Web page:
The Code of Ethics requires that franchisees are provided with a copy of the present Code of Ethics, and with a full and accurate written disclosure of all information material to the franchise relationship within a reasonable time prior to execution of the franchise agreement. This should include the business and financial position of the franchisor, the people involved in the franchisor business, the franchise proposition, the franchisees, the financial projections and the franchise agreement.

Even where a franchisor is not a member of the BFA, it should consider preparing some form of disclosure document to give to prospective franchisees to enable it to give accurate and consistent responses to due diligence enquiries.

It is advisable for the sub-franchisor to explain clearly its relationship with the franchisor to its prospective franchisees.

Due diligence

What due diligence should the parties undertake before entering a franchise relationship?

The franchisor should satisfy itself that franchisees are of suitable character and have the necessary skills base and (if applicable) qualifications to operate the franchise. Franchisors should also ensure that franchisees have sufficient funding to both open and operate the franchise. It is important to ensure that the individuals who will be operating the franchise have the legal right to reside in the United Kingdom throughout the currency of the franchise agreement.

A franchisee should review in detail any disclosure document provided by the franchisor, to ensure an understanding of the costs involved in running the franchise, as well as the expected financial returns. A franchisee should check that the franchisor has the right to licence the relevant trademarks to the franchisee and it is market practice for a franchisee to instruct a lawyer to prepare a report on the franchise agreement highlighting its key commercial terms and any issues that should be raised with the franchisor. A franchisee should enquire about the number of franchises within the network, including the number of franchise failures and speak to existing franchisees to understand their views on operating within the network.

What must be disclosed

What information must the disclosure document contain?

There are no legal disclosure requirements in the United Kingdom, but please see below for an indication of the BFA’s requirement regarding disclosure.

The Code of Ethics requires that franchisees are provided with a copy of the present Code of Ethics, and with a full and accurate written disclosure of all information material to the franchise relationship within a reasonable time prior to execution of the franchise agreement. This should include the business and financial position of the franchisor, the people involved in the franchisor business, the franchise proposition, the franchisees, the financial projections and the franchise agreement.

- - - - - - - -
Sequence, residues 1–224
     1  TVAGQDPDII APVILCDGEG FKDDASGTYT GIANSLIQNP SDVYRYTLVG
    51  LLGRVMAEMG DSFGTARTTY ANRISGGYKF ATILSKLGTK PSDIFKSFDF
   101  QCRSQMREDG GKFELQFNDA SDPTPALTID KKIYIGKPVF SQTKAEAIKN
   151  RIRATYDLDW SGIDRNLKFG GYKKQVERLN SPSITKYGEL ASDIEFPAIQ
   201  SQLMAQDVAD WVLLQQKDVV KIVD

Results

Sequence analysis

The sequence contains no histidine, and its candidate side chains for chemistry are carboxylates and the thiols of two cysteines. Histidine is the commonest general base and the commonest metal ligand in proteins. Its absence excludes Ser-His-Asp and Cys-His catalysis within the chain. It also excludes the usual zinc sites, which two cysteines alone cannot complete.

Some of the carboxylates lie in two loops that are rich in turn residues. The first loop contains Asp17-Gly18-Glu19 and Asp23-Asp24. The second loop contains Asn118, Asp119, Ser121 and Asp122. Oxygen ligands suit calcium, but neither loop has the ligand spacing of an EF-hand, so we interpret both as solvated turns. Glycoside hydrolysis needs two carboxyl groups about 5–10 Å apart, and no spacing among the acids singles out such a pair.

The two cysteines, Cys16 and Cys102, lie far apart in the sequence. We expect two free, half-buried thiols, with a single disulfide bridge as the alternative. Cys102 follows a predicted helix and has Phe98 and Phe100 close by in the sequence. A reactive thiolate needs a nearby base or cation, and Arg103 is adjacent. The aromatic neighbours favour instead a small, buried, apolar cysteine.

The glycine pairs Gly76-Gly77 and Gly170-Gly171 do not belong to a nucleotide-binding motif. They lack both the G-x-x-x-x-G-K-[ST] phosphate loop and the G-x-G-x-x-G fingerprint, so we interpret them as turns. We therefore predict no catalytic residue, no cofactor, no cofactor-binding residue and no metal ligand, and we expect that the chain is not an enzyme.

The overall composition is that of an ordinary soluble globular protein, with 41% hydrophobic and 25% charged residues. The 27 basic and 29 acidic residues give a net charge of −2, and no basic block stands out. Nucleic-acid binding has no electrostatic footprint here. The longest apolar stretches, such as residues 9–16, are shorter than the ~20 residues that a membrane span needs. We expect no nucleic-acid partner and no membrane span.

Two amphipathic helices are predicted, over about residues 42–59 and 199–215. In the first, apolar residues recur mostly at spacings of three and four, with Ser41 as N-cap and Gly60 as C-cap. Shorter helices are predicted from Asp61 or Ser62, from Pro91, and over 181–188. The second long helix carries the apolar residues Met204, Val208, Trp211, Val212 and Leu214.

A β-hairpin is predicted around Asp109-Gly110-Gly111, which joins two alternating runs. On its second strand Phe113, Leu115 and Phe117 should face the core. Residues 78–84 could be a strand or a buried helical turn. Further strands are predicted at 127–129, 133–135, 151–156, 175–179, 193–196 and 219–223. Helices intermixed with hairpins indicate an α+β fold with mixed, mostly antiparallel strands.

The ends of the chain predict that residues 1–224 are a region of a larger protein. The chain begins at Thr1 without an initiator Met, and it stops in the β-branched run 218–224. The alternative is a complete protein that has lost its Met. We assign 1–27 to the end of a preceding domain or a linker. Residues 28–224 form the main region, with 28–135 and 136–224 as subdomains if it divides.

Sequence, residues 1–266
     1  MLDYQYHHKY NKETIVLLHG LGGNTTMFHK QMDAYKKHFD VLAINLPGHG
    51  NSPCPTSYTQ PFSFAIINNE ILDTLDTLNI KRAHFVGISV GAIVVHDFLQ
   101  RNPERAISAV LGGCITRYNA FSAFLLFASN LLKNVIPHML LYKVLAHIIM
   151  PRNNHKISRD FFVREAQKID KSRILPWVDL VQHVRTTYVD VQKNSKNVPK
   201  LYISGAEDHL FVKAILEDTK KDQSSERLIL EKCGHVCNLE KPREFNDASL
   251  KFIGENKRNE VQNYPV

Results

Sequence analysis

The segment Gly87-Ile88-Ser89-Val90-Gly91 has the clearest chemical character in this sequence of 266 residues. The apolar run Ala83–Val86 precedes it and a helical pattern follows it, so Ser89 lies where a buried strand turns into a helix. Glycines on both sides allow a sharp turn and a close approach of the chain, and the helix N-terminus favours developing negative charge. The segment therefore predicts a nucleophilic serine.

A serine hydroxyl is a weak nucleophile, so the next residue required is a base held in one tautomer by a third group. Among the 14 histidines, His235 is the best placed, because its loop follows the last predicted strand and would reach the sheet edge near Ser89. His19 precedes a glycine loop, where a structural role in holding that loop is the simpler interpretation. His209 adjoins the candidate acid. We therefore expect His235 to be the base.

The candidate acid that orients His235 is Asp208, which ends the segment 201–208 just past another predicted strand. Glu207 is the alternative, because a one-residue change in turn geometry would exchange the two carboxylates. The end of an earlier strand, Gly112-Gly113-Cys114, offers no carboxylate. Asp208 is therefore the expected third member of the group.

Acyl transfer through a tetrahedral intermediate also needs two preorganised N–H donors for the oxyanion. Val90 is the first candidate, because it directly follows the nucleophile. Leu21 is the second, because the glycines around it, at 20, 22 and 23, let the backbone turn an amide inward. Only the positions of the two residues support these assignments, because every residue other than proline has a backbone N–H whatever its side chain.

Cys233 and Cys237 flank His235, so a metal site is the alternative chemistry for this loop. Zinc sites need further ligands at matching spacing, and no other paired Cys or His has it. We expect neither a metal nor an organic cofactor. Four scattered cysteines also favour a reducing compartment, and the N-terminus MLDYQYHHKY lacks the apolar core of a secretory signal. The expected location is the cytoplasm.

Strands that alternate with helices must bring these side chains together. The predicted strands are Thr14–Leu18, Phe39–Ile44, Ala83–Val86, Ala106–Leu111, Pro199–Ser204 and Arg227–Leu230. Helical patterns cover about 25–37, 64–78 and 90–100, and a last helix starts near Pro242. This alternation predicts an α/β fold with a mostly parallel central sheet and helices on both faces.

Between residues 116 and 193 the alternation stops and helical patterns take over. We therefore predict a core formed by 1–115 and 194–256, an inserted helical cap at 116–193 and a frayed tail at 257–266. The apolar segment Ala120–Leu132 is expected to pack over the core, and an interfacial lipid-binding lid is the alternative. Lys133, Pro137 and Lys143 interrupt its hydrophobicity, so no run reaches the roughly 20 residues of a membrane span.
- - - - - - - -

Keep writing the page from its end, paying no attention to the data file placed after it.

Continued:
Even where a franchisor is not a member of the BFA, it should consider preparing some form of disclosure document to give to prospective franchisees to enable it to give accurate and consistent responses to due diligence enquiries.

Continuing disclosure

Is there any obligation for continuing disclosure?

No.

Disclosure requirements – enforcement

How do the relevant government agencies enforce the disclosure requirements?

Not applicable. However, the BFA may take steps to expel a member in the event of a serious breach of the Code of Ethics, including its disclosure requirements.

Disclosure violations – relief for franchisees

What actions can franchisees take to obtain relief for violations of disclosure requirements? What are the legal remedies for such violations? How are damages calculated? If the franchisee can cancel or rescind the franchise contract, is the franchisee also entitled to reimbursement or damages?

A franchisor may find itself the subject of a claim for misrepresentation. Such a claim would arise where the franchisor has made an untrue statement of fact that has subsequently induced the franchisee to enter into a franchise agreement. This would typically be some form of earnings claim, with little basis in fact. Depending on the circumstances in which the statement is made, the franchisor may then be subject to a claim for one or more of innocent, negligent or fraudulent misrepresentation. The statement can be made either orally or in writing. In the case of a successful claim for misrepresentation, depending on the facts, the franchisee will be able to rescind the agreement or, where it has suffered loss, claim for damages, or both.

The franchisor will invariably insert provisions into the franchise agreement to restrict or exclude liability for misrepresentation. The effectiveness of such clauses is subject to both statute and common law. Where a clause seeks to limit liability for misrepresentation, it would be subject to the test of reasonableness under the Unfair Contracts Terms Act 1977. Any clauses seeking to restrict or exclude liability from fraudulent misrepresentation will be ineffective. Recent case law suggests that the courts are reluctant to allow franchisors to benefit from such provisions, and, as such franchisors should ensure that they are careful and organised about the information provided to franchisees rather than solely relying on exclusion or limitation of liability clauses.

Disclosure violations – apportionment of liability

In the case of sub-franchising, how is liability for disclosure violations shared between franchisor and sub-franchisor? Are individual officers, directors and employees of the franchisor or the sub-franchisor exposed to liability? If so, what liability?